Some thoughts on visualising the shape of a distribution of observations of data.

Summary statistics

The simplest thing to do is to compute a handful of statistics of the sample: things like its mean and median tell you where the middle of the distribution is, things like its variance or interquartile range tell you how spread out it is, and various percentiles can tell you the properties of its extreme values. Reducing a sample to a few numbers is particularly useful when you have a lot of similar samples to compare, but it obviously loses a lot of detail and isn’t very good for exploratory investigations.


To look at a sample in more depth, you can draw a histogram by dividing the observations up into bins and plotting the frequency (technically, the frequency density) of observations in each bin as follows.

a histogram

The question of where to draw the boundaries between the bins is a thorny one, and different choices can give quite different results, particularly if the sample is small:

another histogram

Kernel density estimates

A kernel density estimate is a fancy way to estimate the probability density of the distribution from which the observations were drawn. It’s essentially a smoothed version of a histogram:

a kernel density estimate

As with histograms, there’s considerable freedom to choose its parameters, and different parameters give quite different results.

Cumulative frequency diagrams

A cumulative frequency diagram (CFD) is simply a graph of the number of observations less than each data point:

a cumulative frequency diagram

Unlike the visualisation techniques above, there aren’t really any parameters to choose when drawing a CFD, so they’re a lot closer to the raw data. Because of this, you can read lots more meaningful information off them. For instance, the minimum, median, and maximum are shown here:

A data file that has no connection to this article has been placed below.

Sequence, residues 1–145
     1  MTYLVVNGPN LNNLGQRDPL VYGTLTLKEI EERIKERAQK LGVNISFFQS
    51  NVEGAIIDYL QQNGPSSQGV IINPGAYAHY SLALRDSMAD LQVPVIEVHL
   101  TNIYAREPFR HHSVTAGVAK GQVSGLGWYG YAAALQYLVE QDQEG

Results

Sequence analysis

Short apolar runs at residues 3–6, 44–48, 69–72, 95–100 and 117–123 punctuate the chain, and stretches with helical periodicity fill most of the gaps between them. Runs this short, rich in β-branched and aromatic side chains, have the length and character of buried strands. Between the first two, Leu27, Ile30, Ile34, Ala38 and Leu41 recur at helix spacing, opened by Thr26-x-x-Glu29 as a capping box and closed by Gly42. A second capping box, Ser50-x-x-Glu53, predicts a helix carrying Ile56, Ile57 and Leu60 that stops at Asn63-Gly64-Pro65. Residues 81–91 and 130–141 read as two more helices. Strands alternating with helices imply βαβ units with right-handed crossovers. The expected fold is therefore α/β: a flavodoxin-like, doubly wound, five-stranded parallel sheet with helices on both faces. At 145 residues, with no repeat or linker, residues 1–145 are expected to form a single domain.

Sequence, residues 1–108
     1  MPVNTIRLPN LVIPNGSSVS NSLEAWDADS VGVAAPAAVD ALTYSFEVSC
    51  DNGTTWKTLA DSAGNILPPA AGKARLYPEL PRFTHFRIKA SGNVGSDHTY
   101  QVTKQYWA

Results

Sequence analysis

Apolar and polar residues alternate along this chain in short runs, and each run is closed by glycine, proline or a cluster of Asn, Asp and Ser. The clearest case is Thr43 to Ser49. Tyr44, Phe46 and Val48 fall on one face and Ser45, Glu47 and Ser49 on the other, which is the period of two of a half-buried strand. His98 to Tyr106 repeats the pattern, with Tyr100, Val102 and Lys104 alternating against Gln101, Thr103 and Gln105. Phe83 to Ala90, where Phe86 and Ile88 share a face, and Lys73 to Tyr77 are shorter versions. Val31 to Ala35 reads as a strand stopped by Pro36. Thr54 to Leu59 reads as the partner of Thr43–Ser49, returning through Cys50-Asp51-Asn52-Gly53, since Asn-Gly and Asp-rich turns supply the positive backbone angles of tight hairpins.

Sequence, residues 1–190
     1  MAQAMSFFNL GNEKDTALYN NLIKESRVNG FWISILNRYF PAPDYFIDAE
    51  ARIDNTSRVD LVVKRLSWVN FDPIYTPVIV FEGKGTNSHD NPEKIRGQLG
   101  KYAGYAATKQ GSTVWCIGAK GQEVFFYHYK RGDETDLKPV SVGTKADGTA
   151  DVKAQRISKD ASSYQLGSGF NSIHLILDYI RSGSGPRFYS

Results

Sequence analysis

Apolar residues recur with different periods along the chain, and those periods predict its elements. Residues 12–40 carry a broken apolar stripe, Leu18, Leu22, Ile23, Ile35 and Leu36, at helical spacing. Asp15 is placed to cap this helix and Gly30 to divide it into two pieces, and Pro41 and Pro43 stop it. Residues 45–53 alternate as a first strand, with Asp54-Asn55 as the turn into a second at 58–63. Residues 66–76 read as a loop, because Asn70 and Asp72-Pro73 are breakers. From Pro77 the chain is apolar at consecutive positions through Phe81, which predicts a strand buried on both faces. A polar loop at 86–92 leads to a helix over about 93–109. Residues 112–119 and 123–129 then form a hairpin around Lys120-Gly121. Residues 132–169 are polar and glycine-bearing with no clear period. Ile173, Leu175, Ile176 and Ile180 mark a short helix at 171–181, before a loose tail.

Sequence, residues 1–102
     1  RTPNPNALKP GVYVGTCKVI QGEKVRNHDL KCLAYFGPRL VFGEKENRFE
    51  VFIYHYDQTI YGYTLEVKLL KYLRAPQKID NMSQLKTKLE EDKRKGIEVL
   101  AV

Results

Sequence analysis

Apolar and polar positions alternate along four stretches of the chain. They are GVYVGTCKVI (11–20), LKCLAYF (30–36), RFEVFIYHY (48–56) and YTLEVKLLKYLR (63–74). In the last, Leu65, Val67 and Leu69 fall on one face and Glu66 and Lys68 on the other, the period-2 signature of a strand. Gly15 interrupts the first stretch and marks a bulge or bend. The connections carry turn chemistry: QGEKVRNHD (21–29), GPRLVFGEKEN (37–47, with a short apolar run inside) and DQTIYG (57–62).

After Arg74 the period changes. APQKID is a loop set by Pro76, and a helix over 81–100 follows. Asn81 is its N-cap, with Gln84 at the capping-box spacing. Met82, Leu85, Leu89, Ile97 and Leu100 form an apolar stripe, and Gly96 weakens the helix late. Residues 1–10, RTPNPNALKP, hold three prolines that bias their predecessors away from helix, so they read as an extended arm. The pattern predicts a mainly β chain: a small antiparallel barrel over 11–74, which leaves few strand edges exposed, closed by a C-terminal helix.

min, median and max

Quartiles and other percentiles can be identified similarly. Also, unlike those above, there’s no smoothing or grouping of the underlying data so there’s less chance of something interesting being hidden during the drawing process.

They’re less familiar, but it doesn’t take much practice to get used to reading a CFD. For example, regions where the curve is steep are regions of high frequency density, i.e. where the samples are more common:

steep areas

Exceedance curves

Related to the cumulative frequency diagram is an exceedance curve, or complementary cumulative frequency diagram, which is just the same thing but upside-down:

exceedance curve

Rather than showing the proportion of samples less than each value, it shows the proportion of samples which exceed each value. On a linear scale this is not any more useful than the usual cumulative frequency diagram, but on a logarithmic scale it highlights the behaviour of the tails of the system very effectively. Here is a logarithmic version of the chart above, showing the 90th, 99th and 99.9th percentiles.

log-exceedance curve


Try using cumulative frequency diagrams and (log-)exceedance curves instead of histograms and kernel density estimates. You might like them. If you don’t, let’s hear about it!